(#1) Thinly sliced ham from Broadbent B & B Foods in the little country town of Kuttawa KY (in Lyon County in far (south)western Kentucky)

To come: on country ham the compound noun and country ham the foodstuff; on my personal history with KCH (associated in my household with Christmas rather than Easter); and on the Broadbent company.


From parts unknown

March 21, 2023

In yesterday’s (3/20) Wayno / Piraro Bizarro, a cowboy — call him FM —  bellies up to the bar in a saloon in the fabled Old West:

(#1) Though he’s wearing jeans and  a handsome Western dress shirt, FM’s greenish pallor, eccentric hair, and neck bolt mark him as an outsider, not from these parts, not from around here; meanwhile, FM is a composite being, cobbled together from random parts — bodyparts — by Victor Frankenstein (If you’re puzzled by the odd symbols in the cartoon — Dan Piraro says there are 4 in this strip — see this Page)

So there’s parts and there’s parts. And FM’s from parts unknown  is a parts ‘bodyparts’ pun on the model of parts ‘places’ in what is now a rather formal and poetical expression from parts unknown ‘coming from an unknown place’. The Frankenstein world superimposed, absurdly, on the Gunslinger world.


Ruthie meets the challenge of the unfamiliar

February 24, 2023

It’s an old theme on this blog: 6-year-old Ruthie in the comic strip One Big Happy as a constantly entertaining source of efforts to cope with unfamiliar words and larger expressions by assimilating them, in one way or another, to things that are familiar to her. Some examples surveyed in my 2/3/19 posting “Ruthian lexical items in real life”; and then, yesterday, in the posting “Ruthie goes for the donuts”, she understands windchill as Winchell’s (donuts): the unfamiliar element is the technical meteorological term windchill. and Ruthie copes with it by replacing it with a phonologically similar item that’s familiar to her (she’s fond of Winchell’s donuts):

(#1) unfamiliar windchill / familiar Winchell’s

Over the past three years or so, I’ve been accumulating One Big Happy strips in this vein and am now disgorging six of them: a similarity case, in which Ruthie copes with unfamiliar material by treating it as phonologically similar familiar material (as with windchill / Winchell’s); two ambiguity cases, in which unfamiliar material is homophonous with familiar material, so she has to cope with her mistaken interpretation of what she hears; and three more complex cases (one involving portmanteaus, one involving orthographic abbreviations, and one involving Ruthie’s own analogical creation — Ruthie is indeed ingenious).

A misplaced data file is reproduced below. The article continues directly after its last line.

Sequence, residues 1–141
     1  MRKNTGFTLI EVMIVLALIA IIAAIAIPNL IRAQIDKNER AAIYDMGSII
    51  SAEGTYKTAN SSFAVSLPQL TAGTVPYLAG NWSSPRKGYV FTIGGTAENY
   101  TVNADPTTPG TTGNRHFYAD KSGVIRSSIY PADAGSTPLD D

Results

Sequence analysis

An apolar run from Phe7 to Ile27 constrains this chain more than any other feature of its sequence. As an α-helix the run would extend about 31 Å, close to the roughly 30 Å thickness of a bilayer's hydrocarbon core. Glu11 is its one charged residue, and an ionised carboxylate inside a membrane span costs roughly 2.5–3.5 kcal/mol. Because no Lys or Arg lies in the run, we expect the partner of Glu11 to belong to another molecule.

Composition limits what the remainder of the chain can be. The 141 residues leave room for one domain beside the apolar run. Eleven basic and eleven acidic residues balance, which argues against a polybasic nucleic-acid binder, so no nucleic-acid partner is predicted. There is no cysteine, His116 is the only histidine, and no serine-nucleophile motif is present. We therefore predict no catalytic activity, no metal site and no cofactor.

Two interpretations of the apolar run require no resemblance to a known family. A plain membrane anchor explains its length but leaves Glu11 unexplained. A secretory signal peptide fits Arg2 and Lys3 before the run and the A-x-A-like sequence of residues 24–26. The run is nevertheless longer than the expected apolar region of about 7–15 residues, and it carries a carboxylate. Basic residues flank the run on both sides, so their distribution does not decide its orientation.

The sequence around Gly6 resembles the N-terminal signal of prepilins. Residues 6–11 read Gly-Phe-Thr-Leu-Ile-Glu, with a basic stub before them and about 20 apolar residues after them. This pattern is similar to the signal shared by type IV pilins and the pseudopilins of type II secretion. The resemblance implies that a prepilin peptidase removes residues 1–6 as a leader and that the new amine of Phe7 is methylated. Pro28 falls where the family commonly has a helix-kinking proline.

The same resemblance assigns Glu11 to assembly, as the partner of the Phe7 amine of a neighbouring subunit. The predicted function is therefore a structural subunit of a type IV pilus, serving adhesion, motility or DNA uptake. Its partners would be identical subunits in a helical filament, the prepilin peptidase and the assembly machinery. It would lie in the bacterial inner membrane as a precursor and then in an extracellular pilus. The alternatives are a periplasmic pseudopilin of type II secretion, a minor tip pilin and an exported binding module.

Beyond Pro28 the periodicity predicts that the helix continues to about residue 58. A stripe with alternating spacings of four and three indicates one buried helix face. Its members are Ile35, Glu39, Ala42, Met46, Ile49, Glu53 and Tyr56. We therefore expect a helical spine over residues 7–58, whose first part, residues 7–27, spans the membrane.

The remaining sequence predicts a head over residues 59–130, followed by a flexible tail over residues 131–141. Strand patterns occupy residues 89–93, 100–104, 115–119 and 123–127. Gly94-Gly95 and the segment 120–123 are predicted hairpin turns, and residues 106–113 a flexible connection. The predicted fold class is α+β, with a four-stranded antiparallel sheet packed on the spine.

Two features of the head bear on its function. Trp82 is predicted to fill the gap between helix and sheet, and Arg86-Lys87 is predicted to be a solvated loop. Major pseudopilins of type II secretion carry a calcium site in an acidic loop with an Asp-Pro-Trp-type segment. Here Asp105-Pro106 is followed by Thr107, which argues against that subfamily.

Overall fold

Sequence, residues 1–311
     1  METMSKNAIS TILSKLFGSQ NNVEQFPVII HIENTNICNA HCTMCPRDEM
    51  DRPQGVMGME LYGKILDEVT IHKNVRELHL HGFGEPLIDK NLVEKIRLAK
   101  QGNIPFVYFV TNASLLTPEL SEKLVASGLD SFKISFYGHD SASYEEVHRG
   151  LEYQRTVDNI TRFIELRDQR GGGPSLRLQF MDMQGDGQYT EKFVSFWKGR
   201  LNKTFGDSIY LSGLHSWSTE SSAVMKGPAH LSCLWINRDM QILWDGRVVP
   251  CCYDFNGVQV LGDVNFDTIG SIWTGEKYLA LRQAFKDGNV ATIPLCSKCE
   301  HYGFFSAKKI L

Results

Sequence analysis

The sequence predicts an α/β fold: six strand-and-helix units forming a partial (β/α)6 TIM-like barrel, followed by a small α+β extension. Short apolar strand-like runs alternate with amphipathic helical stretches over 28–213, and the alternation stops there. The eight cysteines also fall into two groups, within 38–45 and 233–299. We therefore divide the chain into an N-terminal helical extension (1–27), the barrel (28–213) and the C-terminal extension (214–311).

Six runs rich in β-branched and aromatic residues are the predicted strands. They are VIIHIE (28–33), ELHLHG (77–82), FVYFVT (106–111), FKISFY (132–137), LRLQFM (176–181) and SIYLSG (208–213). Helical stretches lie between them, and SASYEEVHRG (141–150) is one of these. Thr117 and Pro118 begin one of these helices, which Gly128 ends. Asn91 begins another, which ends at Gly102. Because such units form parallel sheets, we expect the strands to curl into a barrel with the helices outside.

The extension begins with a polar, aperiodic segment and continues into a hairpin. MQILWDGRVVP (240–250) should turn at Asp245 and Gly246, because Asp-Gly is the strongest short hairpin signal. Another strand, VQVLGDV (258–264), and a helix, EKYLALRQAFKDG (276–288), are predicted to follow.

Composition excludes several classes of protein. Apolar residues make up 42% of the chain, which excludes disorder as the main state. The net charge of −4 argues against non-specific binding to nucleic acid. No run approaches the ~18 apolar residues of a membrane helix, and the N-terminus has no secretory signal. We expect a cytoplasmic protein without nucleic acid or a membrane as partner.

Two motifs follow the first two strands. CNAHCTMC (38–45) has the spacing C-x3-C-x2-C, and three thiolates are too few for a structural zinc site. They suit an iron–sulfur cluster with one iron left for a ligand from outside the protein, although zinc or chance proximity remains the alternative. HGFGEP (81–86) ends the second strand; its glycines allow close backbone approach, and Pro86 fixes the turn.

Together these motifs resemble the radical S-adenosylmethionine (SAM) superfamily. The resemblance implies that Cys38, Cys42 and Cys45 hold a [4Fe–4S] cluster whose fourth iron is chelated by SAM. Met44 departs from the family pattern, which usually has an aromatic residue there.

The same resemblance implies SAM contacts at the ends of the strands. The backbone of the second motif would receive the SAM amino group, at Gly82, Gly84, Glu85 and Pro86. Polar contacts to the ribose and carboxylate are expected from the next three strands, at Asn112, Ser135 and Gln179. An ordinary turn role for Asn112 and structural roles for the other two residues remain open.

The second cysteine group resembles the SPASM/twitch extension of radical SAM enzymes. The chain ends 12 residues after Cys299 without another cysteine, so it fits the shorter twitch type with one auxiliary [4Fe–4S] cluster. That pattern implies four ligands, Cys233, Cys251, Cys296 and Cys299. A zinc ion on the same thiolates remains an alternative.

More from the Cavewoman Culture Club

February 22, 2023

The CCC — last seen in action in my 2/18 posting “A Neanderthal breakthrough”, in which an inventor cavewoman carves the first definite article out of stone — strikes again in the Piccolo / Price Rhymes With Orange cartoon of 5/21/21, in which a cavewoman devises a precursor of the candlelit dinner:

(#1) An announcement in Caveman Talk of the first romantic dinner for two; since these beginnings, it has evolved into a elaborated cultural practice

Cultural innovations often come with bold experiments in form at the outset (consider the history of photography and film) — in this case, apparently, in the adventure of scented fire.


A Neanderthal breakthrough

February 18, 2023

A great moment in fictive human history, captured in a 5/2/21 Rhymes With Orange cartoon:

(#1) Caveman quiz great inventor cavewoman, she make definite article

Well, yes, Hilary Price has her doing it in English, a specific language, which has to stand in for Human Language, because we have no way of representing text in Human Language.  And Price has her doing it in English orthography (rather than speech), because this is a cartoon (not an address) and the presentation has to be visual. And, stunningly, Price has her doing it as a sculpture, a piece of 3-dimensional artwork, rather than by making marks on some surface — possibly because women are the creators of beautiful useful things, aesthetically satisfying everyday objects. (Beyond that, Price has her cavewoman  explicitly viewing her work as potentially world-changing — an ambition usually associated, these days anyway, with males.)


Don’t call me a “creative”

February 5, 2023

Today’s (2/5/23) Doonesbury strip  shows us artist J.J. Caucus and her husband Zeke Brenner in her studio, with J.J. fuming about being labeled a creative:

(#1) “I’m a noun, not an adjective!” But then Zeke shifts the ground from be a creative to be creative, noting (in effect) that be creative denotes a characteristic, not an identity, so “less pressure”

J.J.’s complaint is about the nouning of the adj. creative, yielding a C[ount] noun creative that apparently just means ‘creative person’, but she’s more than a creative person, she’s a professional creator, an artist. As it turns out, the C noun creative is a great deal more specific that ‘creative person’ — and in its established usage it refers to a type of professional in the advertising industry, so in fact doesn’t apply to J.J. at all. Gripe on, J.J.!



December 6, 2022

Today’s Mary, Queen of Scots Not Dead Yet posting, some diversion from the difficulties of daily life. I take my cue from Ann Burlingham, posting on Facebook on 12/4:

Last night I was watching Nick Cave being interviewed on the BBC when he used the word highfalutin. I looked it up to confirm my sense that that is a word Americans came up with, and it is, and it’s wonderful.

Now, you need to know, first of all, who this Nick Cave is and why it might be notable that he used the slang adjective highfalutin ‘pompous, pretentious’. Then on to the word and who uses it, with two wonderful bonuses, one supplied by OED3, the other by a winery in the Finger Lakes region of New York State.